May 15, 2013
Managing debt collection as construction progressesBY ROB KENNALEY
In my last column, I discussed ways contractors, subcontractors and suppliers might address debt collection, to better protect themselves if accounts become overdue during the pre-construction, bidding and negotiation phases of a contract. Now I will discuss the steps contractors, subcontractors and suppliers can take to protect themselves against overdue accounts as construction on a project progresses.
If you are a subcontractor or supplier on a commercial or institutional project, find out if the contractor has posted a labour and material payment bond for the project. If so, you should obtain a copy. The bond will outline any time limitations imposed on a claim under it and provide particulars for giving notice in the event of non-payment. While owners and contractors will generally be cooperative in providing you with a copy of the bond, construction lien legislation in many jurisdictions requires them to provide you with said copy, upon request, from the moment you commence your supply of services or materials.
I recommend keeping your contracts and subcontracts at hand during the life of a project and either highlighting or summarizing the various notice requirements under those documents. Then, in the event of non-payment or a dispute, you will have easy access to the particulars of the form a notice should take, along with how it should be presented. This way, you can hope to avoid an argument over whether or not you failed to meet a key notice provision under the contract. To the extent subcontractors are bound by the provisions of the prime contract, i.e., between the owner and contractor, I would recommend keeping a copy of that contract as well, with highlights or summaries.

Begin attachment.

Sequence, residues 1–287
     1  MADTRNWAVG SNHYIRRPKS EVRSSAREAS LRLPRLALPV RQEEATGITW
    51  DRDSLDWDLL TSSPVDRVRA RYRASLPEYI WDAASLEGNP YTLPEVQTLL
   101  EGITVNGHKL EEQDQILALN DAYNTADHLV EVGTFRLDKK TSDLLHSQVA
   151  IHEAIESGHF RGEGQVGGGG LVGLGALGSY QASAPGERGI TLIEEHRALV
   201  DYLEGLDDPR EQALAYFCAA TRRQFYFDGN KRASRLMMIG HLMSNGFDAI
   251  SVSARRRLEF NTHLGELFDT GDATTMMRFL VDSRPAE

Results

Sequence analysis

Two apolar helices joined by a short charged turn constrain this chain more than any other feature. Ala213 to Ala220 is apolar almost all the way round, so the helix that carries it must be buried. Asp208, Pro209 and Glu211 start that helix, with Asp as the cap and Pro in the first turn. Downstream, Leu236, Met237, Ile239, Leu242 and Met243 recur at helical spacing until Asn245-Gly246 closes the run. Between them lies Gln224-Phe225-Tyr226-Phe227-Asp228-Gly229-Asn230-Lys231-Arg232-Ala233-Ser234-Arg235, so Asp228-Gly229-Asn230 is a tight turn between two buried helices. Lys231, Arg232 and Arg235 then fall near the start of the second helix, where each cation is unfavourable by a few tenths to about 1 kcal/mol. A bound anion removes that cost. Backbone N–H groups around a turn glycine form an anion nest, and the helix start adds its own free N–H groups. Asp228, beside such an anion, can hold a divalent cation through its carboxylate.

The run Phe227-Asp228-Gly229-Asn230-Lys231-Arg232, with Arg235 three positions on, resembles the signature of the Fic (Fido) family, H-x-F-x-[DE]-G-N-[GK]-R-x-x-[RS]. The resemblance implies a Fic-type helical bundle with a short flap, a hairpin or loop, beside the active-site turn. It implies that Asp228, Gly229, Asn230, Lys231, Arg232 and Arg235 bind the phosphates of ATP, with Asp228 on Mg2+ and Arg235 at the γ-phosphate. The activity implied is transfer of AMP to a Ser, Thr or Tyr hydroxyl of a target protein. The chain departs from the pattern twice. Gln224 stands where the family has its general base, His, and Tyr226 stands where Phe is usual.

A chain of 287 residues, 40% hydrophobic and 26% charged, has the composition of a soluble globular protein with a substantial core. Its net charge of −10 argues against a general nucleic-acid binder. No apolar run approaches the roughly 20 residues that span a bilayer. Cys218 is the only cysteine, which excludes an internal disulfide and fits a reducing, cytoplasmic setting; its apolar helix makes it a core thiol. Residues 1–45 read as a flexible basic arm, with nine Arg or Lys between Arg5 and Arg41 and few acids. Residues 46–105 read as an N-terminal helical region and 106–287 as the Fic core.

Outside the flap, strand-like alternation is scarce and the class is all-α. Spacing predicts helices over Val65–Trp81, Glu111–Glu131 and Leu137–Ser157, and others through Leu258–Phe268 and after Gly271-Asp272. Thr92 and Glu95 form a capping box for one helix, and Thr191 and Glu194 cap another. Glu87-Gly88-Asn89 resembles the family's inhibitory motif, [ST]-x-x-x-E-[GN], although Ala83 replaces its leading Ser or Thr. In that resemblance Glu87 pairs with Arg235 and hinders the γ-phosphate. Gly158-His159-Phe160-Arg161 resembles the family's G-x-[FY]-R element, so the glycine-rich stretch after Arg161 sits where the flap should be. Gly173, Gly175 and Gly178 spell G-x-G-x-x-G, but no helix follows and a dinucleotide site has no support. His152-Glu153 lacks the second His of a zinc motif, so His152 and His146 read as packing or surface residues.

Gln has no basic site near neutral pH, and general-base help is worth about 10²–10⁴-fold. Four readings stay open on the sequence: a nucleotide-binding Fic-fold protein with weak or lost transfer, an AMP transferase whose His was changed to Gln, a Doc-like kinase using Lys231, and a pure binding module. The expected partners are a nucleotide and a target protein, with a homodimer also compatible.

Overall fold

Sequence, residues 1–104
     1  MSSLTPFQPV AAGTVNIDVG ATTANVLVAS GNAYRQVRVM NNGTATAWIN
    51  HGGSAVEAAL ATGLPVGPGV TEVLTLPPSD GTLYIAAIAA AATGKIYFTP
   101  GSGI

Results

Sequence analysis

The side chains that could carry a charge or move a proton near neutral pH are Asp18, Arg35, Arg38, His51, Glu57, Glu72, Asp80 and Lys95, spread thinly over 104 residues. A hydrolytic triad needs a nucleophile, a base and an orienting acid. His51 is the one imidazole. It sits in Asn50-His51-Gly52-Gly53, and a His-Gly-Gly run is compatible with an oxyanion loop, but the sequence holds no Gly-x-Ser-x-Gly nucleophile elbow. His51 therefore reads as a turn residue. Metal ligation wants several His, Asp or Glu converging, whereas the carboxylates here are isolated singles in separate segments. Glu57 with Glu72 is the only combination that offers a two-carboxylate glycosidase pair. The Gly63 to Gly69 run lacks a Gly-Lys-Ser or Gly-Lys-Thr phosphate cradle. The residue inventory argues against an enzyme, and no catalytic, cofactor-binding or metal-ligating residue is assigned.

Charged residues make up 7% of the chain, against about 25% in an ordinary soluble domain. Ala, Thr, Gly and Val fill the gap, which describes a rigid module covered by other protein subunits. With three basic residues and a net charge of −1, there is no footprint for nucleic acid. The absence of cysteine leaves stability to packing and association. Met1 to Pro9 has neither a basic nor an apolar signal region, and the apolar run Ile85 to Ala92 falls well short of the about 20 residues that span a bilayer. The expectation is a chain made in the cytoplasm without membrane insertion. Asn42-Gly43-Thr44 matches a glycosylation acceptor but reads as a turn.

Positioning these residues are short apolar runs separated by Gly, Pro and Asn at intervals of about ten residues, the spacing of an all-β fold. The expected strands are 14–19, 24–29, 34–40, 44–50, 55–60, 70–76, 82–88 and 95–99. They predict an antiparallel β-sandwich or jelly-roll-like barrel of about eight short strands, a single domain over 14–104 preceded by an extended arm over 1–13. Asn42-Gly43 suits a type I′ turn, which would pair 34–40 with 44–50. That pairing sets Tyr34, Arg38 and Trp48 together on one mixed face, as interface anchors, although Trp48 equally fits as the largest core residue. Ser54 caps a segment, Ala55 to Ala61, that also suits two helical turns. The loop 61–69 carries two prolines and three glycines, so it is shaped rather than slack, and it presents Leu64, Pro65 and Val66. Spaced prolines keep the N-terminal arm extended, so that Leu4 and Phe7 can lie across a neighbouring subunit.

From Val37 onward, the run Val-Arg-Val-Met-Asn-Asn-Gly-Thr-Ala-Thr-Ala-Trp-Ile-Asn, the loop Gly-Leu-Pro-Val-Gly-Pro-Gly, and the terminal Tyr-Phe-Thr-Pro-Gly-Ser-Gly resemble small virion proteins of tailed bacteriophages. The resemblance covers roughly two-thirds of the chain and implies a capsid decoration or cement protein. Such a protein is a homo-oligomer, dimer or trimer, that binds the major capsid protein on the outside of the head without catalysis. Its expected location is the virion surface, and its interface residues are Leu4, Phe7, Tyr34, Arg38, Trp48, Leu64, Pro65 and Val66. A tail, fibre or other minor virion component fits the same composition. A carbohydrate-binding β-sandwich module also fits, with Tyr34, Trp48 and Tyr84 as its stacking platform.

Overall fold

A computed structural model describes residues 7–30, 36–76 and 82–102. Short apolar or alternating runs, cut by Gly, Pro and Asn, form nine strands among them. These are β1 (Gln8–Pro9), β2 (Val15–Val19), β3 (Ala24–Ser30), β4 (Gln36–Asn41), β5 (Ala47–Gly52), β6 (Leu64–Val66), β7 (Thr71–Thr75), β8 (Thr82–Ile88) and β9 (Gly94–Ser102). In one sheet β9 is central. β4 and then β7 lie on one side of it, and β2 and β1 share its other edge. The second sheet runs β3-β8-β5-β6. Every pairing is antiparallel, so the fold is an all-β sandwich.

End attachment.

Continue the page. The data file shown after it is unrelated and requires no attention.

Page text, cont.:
It is important to understand what role, if any, the owner’s consultant will play on the project. The prime contract generally spells this out. Its provisions will determine the extent to which and how the consultant will approve shop drawings, change orders and payment certificates, as well as his or her involvement in inspections, deficiency correction and dispute resolution. In each case, having a clear understanding of who is to do what will help you follow the contract provisions, and remove any excuse your client might have for not paying you.
Another good piece of advice for subcontractors and suppliers is to simply pay attention to what is happening on a job — beyond your own work. In many cases there are warning signs that something has gone wrong. Delay in a project is one example, although not in every circumstance. Sometimes, however, delays will result in a cash crunch and, ultimately, claims. So what should you look for?
If a project is significantly behind schedule, subcontractors and suppliers might ask around (at trade meetings or the coffee truck) to try to find out why. If the delay is attributable to the contractor or its forces, there might be a problem. If it is arguably the owner’s fault, you might find out if the contractor has made a claim for additional compensation and, if so, whether or not that claim has been approved or settled. All too often, an unresolved delay claim is a sign the contractor’s costs will escalate, creating a cash crunch. Where the contractor is arguably at fault, the owner may assess back charges against the contractor; this can only exacerbate the situation.